30

Originally, UNIX was written in PDP-7 assembly, and then in PDP-11 assembly, but then when UNIX V4 began to be re-written in C in 1973 and was run mostly on the PDP-11.

So far as I can tell, there is no Ancient C compiler that targets the PDP-7, nor any provision for running UNIX V4 or later on the PDP-7. Or, for that matter, any of the other very similar 18-bit computers such as the PDP-9. Why not? Is C unsuitable for the PDP-7, or was there no demand for this setup?

28

The PDP-7 was too small and too slow; quoting Dennis M. Ritchie in The Development of the C Language:

On the PDP-7 Unix system, only a few things were written in B except B itself, because the machine was too small and too slow to do more than experiment; rewriting the operating system and the utilities wholly into B was too expensive a step to seem feasible. At some point Thompson relieved the address-space crunch by offering a “virtual B” compiler that allowed the interpreted program to occupy more than 8K bytes by paging the code and data within the interpreter, but it was too slow to be practical for the common utilities.

If the developers excluded rewriting everything in B, rewriting everything in C would probably never have been considered, especially since by the time C became useful, the PDP-7 was thoroughly obsolete. Quoting Ritchie again in The Evolution of the Unix Time-sharing System:

By the beginning of 1970, PDP-7 Unix was a going concern. Primitive by today's standards, it was still capable of providing a more congenial programming environment than its alternatives. Nevertheless, it was clear that the PDP-7, a machine we didn't even own, was already obsolete, and its successors in the same line offered little of interest.

By the time UNIX was considered portable, in the late seventies, the PDP-7 was definitely no longer a target for porting...

  • 1
    So I get the impression that even in 1969 when they had just started work on what eventually would become UNIX, that the PDP-7 was rather old even then. – Wilson Apr 10 '18 at 15:00
  • @Wilson well, it was somewhat old, having been released in 1965 and followed in 1966 by the similar PDP-9; in 1969 though it was still relevant, for a short while. The PDP-7 used by Thompson & co. was quite a nice machine for its day! The PDP-11 was released in 1970, and was quite different from the PDP-7 and -9 (the “successors” Ritchie refers to in the second quote above). – Stephen Kitt Apr 10 '18 at 15:14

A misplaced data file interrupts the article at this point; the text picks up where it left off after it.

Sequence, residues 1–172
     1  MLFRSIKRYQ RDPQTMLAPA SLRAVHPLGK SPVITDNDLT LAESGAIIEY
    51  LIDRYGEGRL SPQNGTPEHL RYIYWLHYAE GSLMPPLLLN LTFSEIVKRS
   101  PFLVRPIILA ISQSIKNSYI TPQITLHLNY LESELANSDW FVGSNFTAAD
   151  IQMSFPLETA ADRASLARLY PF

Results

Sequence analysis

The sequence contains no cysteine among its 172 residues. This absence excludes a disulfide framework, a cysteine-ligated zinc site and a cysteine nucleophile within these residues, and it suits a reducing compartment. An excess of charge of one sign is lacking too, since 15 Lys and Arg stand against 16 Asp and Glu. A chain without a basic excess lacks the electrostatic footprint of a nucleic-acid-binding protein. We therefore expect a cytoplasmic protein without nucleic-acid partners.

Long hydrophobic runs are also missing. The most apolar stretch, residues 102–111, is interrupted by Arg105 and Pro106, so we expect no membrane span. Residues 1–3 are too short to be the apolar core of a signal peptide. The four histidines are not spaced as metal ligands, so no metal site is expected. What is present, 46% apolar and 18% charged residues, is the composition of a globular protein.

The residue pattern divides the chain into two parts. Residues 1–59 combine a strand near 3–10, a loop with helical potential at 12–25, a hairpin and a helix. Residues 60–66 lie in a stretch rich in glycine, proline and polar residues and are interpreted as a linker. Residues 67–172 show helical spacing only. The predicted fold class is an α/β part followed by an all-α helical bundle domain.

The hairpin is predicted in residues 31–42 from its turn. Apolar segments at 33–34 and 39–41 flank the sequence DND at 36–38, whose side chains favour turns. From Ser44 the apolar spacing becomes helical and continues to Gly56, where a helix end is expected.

• @Wilson - bear in mind that they'd just moved to it from working on Multics, which had been implemented on much more capable hardware, the GE-645, which was purpose designed for the operating system, and based on the GE-635 -- I haven't found an estimate of the cost of the 645 but a 635 system apparently ran to about $1,500,000 vs about $70,000 for a PDP-7, so you can imagine the disparity in the power between the two systems. – Jules Apr 10 '18 at 19:00
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The team working on Unix at the time considered the PDP-7 to be obsolete, and had no interest in making Unix into a finished system to run on it; they only used it originally because the machine was available to them and they had little other use for it. Plus, Bell had little interest in developing operating systems per se, and only financed development of Unix because it was expected to provide useful applications -- apparently, no useful application had been found for the PDP-7. Quoting from Dennis M Ritchie's The Evolution of the Unix Time-sharing System:

By the beginning of 1970, PDP-7 Unix was a going concern. Primitive by today's standards, it was still capable of providing a more congenial programming environment than its alternatives. Nevertheless, it was clear that the PDP-7, a machine we didn't even own, was already obsolete, and its successors in the same line offered little of interest. In early 1970 we proposed acquisition of a PDP-11, which had just been introduced by Digital. In some sense, this proposal was merely the latest in the series of attempts that had been made throughout the preceding year. It differed in two important ways. First, the amount of money (about $65,000) was an order of magnitude less than what we had previously asked; second, the charter sought was not merely to write some (unspecified) operating system, but instead to create a system specifically designed for editing and formatting text, what might today be called a `word-processing system.'

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